Japan warned China on Tuesday that ties were deteriorating over disputed East China Sea islets, and China’s envoy in Tokyo reiterated Beijing’s stance that the specks of land were its territory and called for talks to resolve the dispute.
The diplomatic tussle comes amid simmering tension as China builds on outposts in the contested South China Sea, including what appear to be reinforced aircraft hangars, according to new satellite images.
Ties between Asia’s two largest economies have been strained in recent days since Japan saw a growing number of Chinese coastguard and other government ships sailing near the East China Sea islets, called the Senkaku in Japan and Diaoyu in China.
The flurry of Chinese incursions into the waters follows a period of sustained pressure on China over its activities in the South China Sea, and China’s criticism of what it sees as Japanese interference in that dispute.
Japanese Foreign Minister Fumio Kishida called in Chinese ambassador Cheng Yonghua for the second time since Friday and told him China was trying to change the status quo unilaterally, the Japanese foreign ministry said.
Kishida told Cheng the environment surrounding Sino-Japanese ties was “deteriorating markedly,” the ministry said.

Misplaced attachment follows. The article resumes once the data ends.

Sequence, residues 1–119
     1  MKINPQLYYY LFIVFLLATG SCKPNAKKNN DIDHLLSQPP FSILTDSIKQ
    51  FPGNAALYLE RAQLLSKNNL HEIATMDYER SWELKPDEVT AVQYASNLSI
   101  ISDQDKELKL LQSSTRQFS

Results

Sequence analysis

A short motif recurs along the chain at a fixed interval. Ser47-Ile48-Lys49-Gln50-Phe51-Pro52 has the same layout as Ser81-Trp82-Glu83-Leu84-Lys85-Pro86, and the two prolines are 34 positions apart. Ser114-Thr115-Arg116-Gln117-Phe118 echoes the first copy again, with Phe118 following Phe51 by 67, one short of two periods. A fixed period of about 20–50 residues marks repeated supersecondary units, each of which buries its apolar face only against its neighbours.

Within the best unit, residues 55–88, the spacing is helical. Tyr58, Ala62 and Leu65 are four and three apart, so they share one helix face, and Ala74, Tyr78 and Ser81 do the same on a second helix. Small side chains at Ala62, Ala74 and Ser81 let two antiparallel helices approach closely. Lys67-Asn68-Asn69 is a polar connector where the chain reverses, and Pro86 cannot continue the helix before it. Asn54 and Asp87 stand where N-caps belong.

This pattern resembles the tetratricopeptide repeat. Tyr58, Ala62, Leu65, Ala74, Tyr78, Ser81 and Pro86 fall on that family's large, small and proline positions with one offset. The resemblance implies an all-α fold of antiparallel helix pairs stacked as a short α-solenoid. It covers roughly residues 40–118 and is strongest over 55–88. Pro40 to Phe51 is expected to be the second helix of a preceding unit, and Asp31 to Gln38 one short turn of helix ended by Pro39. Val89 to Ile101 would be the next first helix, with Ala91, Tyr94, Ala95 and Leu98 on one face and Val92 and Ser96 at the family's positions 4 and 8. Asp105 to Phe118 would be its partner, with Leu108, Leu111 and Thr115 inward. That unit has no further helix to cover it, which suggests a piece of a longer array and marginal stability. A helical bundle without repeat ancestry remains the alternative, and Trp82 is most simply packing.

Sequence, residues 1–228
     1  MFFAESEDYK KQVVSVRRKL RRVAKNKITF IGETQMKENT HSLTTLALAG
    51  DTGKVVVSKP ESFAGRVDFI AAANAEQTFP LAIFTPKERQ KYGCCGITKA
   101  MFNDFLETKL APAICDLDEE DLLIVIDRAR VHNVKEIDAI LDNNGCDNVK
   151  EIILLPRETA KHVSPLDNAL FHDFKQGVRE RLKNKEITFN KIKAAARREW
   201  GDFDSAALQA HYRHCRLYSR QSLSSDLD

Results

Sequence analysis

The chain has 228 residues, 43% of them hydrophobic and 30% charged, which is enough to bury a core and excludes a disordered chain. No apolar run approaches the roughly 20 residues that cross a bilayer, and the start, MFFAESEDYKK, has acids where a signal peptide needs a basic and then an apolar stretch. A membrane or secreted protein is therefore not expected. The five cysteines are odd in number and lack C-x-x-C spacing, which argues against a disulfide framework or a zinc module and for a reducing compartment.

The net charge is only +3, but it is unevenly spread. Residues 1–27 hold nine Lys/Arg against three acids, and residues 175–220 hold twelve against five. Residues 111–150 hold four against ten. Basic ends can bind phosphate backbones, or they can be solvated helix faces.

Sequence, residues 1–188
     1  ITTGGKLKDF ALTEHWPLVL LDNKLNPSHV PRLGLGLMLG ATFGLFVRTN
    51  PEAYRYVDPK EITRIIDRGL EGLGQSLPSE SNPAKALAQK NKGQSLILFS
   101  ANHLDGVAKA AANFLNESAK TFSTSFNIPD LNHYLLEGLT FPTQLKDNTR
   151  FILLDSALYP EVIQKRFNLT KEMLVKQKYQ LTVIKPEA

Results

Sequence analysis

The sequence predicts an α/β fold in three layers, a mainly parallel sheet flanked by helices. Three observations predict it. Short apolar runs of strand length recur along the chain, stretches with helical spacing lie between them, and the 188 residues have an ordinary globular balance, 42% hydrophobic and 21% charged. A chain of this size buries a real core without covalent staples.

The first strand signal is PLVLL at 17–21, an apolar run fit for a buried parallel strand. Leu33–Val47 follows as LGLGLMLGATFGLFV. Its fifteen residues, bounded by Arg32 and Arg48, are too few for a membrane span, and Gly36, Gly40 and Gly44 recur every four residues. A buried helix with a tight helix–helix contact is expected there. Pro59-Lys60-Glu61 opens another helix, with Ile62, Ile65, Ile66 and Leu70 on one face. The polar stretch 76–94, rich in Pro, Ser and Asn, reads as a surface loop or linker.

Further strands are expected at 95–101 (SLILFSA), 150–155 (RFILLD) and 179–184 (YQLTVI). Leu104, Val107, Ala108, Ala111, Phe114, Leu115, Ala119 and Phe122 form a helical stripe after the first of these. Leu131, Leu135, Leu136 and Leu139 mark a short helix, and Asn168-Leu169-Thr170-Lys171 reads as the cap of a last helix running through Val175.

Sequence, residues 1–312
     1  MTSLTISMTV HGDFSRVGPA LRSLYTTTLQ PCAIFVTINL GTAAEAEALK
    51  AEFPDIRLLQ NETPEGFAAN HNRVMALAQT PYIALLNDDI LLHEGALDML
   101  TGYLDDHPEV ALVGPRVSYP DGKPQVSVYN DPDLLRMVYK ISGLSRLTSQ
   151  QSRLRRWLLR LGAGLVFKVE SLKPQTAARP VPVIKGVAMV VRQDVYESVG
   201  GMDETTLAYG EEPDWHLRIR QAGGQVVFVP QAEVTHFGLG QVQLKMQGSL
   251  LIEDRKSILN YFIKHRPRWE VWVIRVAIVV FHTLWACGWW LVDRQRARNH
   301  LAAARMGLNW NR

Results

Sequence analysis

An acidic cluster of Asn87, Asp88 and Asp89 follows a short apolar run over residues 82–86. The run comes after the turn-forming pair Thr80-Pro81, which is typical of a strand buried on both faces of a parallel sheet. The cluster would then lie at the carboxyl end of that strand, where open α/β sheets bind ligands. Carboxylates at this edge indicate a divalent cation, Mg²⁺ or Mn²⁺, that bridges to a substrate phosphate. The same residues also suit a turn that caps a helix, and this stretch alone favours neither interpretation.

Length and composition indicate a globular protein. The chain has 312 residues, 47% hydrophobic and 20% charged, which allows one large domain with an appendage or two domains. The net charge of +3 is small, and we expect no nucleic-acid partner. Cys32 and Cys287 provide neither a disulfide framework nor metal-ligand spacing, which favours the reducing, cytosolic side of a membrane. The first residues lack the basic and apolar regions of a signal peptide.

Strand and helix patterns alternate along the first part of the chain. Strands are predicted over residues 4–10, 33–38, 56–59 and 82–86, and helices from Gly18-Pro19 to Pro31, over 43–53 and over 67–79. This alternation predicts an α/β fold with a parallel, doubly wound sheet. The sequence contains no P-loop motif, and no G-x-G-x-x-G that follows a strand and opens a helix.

The Chinese diplomat said after the meeting that he had told Kishida the islands, which are controlled by Japan, were an integral part of China’s territory and the dispute should be resolved through dialog.
“I told him … it is natural that Chinese ships conduct activity in the waters,” Cheng told reporters.
Dozens of Chinese vessels sailed near the islands on the weekend raising alarm in Japan. Cheng was called in by Japanese Vice Foreign Minister Shinsuke Sugiyama last Friday over the incursions into what Japan see as its territorial waters.
The United States, its Southeast Asian allies and Japan have questioned Chinese land reclamation on contested islands in the South China Sea, particularly since an international court rejected China’s historic claims to most of that sea last month.
China has refused to recognize the court ruling on a case brought by the Philippines. Japan called on China to adhere to it, saying it was binding, but Beijing responded by warning Japan not to interfere.